The Peace Corps has recruiters across the country that visit HBCUs and work closely with prospective volunteers. By hiring dedicated diversity recruiters and hosting diversity-focused recruitment events, the agency aims to build an inclusive volunteer force and ensure that all Americans know about service opportunities with the Peace Corps.

A simple and personal Peace Corps application process can be completed online in about one hour. Applicants can learn more about service opportunities by visiting the Peace Corps website and connecting with a recruiter.

Peace Corps’ 2017 top volunteer-producing Historically Black Colleges and Universities are:

  1. Howard University: 18 currently serving volunteers
  2. Spelman College: 11 currently serving volunteers
  3. Florida A&M University: seven currently serving volunteers
  4. Hampton University: four currently serving volunteers
  5. Central State University: three currently serving volunteers
  6. Morehouse College: three currently serving volunteers
  7. Prairie View A&M University: three currently serving volunteers

* Rankings are calculated based on fiscal year 2016 data as of September 30, 2016, as self-reported by Peace Corps volunteers.

About the Peace Corps: The Peace Corps sends Americans with a passion for service abroad on behalf of the United States to work with communities and create lasting change. Volunteers develop sustainable solutions to address challenges in education, health, economic development, agriculture, environment and youth development. Through their Peace Corps experience, Volunteers gain a unique cultural understanding and a life-long commitment to service that positions them to succeed in today’s global economy. Since President John F. Kennedy established the Peace Corps in 1961, more than 225,000 Americans of all ages have served in 141 countries worldwide. For more information, visit peacecorps.gov and follow us on Facebook and Twitter.

For Jackson, No Job is Too Much for This Scholar-Athlete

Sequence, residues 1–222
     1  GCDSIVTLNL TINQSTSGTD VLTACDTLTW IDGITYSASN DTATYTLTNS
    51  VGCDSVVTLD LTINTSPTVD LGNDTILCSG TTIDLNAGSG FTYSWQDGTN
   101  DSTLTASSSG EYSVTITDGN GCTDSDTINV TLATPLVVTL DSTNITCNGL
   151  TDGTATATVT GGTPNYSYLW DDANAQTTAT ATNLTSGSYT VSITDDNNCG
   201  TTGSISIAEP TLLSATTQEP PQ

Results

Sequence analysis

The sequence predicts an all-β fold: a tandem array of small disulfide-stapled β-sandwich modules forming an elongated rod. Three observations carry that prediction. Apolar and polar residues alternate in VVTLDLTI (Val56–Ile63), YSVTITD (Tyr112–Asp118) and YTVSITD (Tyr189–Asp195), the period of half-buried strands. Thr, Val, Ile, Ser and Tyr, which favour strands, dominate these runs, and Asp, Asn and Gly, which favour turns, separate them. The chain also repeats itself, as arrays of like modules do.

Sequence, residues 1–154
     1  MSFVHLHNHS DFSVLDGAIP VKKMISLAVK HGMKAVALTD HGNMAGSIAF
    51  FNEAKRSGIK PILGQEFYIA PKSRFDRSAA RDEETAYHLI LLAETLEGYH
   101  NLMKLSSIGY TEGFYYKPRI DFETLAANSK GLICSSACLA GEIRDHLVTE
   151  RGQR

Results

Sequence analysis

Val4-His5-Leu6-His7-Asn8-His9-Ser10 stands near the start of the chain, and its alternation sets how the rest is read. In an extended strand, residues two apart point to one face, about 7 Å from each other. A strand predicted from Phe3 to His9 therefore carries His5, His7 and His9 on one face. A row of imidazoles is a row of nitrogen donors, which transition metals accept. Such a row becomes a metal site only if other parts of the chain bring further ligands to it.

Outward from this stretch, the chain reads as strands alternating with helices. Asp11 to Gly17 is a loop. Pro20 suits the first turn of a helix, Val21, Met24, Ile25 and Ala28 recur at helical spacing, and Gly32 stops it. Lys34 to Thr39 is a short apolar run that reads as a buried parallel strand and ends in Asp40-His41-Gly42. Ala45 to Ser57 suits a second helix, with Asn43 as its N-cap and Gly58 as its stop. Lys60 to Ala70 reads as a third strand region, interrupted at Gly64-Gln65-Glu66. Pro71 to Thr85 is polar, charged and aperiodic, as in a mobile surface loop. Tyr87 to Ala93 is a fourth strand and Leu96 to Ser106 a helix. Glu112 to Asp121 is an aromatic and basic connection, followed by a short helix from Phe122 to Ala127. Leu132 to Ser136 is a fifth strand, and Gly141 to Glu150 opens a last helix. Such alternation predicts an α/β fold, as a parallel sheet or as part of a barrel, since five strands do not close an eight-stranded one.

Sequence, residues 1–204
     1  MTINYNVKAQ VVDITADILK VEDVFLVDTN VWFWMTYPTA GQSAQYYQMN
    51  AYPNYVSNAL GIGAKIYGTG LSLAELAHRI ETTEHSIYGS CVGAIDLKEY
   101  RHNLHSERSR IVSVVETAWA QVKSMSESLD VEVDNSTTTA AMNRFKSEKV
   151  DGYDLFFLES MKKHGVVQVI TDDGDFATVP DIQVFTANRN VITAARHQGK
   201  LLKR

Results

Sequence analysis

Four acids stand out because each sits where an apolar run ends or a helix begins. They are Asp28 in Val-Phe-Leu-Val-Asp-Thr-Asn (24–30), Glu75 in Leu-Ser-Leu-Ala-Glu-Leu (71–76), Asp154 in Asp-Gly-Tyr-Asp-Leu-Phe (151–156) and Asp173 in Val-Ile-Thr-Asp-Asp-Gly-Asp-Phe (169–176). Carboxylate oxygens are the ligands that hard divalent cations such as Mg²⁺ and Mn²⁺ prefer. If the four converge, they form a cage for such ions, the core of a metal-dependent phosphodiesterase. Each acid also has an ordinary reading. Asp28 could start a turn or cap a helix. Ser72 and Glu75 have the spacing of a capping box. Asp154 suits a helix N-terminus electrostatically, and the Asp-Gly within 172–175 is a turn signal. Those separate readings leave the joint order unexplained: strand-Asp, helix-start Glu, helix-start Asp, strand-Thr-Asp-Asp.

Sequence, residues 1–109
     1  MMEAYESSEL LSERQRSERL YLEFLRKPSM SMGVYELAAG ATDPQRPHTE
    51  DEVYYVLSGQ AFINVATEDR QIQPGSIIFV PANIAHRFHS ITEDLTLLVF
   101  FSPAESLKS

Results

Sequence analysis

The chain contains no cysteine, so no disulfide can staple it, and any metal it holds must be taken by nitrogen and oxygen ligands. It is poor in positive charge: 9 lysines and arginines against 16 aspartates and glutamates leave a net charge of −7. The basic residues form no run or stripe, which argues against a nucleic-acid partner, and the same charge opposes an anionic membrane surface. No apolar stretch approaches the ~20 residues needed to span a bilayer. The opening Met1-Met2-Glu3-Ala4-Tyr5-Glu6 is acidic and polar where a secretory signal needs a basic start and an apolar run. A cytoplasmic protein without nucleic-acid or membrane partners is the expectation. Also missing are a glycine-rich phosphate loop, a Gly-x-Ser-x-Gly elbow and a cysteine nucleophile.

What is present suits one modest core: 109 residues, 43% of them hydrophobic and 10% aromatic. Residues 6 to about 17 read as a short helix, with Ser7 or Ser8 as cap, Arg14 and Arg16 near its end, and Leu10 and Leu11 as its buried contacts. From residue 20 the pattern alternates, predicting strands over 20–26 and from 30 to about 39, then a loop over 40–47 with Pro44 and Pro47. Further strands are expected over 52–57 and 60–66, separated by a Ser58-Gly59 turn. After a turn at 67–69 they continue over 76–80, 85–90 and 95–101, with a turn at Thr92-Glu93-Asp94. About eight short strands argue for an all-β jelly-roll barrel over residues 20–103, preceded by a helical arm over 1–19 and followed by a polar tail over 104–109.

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Chris and mother Nolita Jackson

Christopher Jackson grinds more than 50 hours a week on three jobs – Moe’s Southwest Grill at Clark Atlanta University, Allied Universal Security Services and Uber Eats. While 50 hours a week might be standard for many workers, it is not normal for a full-time mechanical engineering scholar-athlete who holds a 3.85 GPA at CAU.

Jackson is one of 130 scholar-athletes at CAU to earn a 3.0 GPA or higher during the spring and fall semesters. A Dual Degree Engineering Program student, Jackson came to CAU after he was denied admission to Georgia Tech, although he graduated at the top of his class. However, things would work to his advantage.

“I was accepted to the University of Georgia, but I did not want to go there – that’s my rival school of course, and then my major was not accredited at UGA at the time,” said the Warner Robins, Georgia, native, who grew up in Conyers, Georgia. “Once being recruited to CAU for football and hearing of the 3-2 program for engineering and being given a second chance to head to Georgia Tech, I took advantage of the opportunity and have gone with it since.”

Committed, determined, and unwavering, Jackson credits DDEP with guiding him with career opportunities, helping him receive scholarships, and building his credit.

“Chiefly, I feel this amazing program transforms your mindset from that of a child into one of a successful adult,” said Jackson who has landed a summer 2017 internship with Rockwell Automation in Milwaukee.

At the 2016 DDEP Awards Banquet, Chris received the Engineering Success Awards for students who have gone above and beyond in their engineering discipline.

With plans to transfer to Georgia Tech in the fall, Jackson will pursue autonomous intelligence and robotics engineering. After Georgia Tech, Jackson wants to work for RedZone Robotics, Kawasaki Robotics, or contract to do research for the Defense Advanced Research Projects Agency.

Strictly speaking, the 210-plus pound linebacker’s scholar-athlete accomplishments and successes come from a motivated spirit.

“It is not the fact that you are a scholar-athlete that sets you apart from the majority of the population, but the fact that amid multiple adversities in your personal life, school life, work life, and even sports life, you are motivated to advance through boundaries, limits, and parameters that make others quit the same path you travel,” said Jackson.

“It is certainly not an easy task or feat; however, for those who are not afraid of grinding to get to where they desire to be, it becomes less of a burden to be a scholar-athlete and transforms more into a mentality of ‘If this can’t stop my success, then what can.’”

Four CAU Alumni Vie for Council Seats in New City of South Fulton

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ATLANTA (Feb. 27, 2017)   The crowded field of candidates for elected office in the new city of South Fulton includes three more Clark Atlanta University alumni.  Catherine Foster Rowell, Ph.D., Rochelle Lindsey and Darris Rollins are vying for seats on the South Fulton City Council in districts 1, 4 and 3 respectively.  They join CAU alumnus and current CAU graduate student Johnny Surry in bids to become the first elected leaders in the recently created city.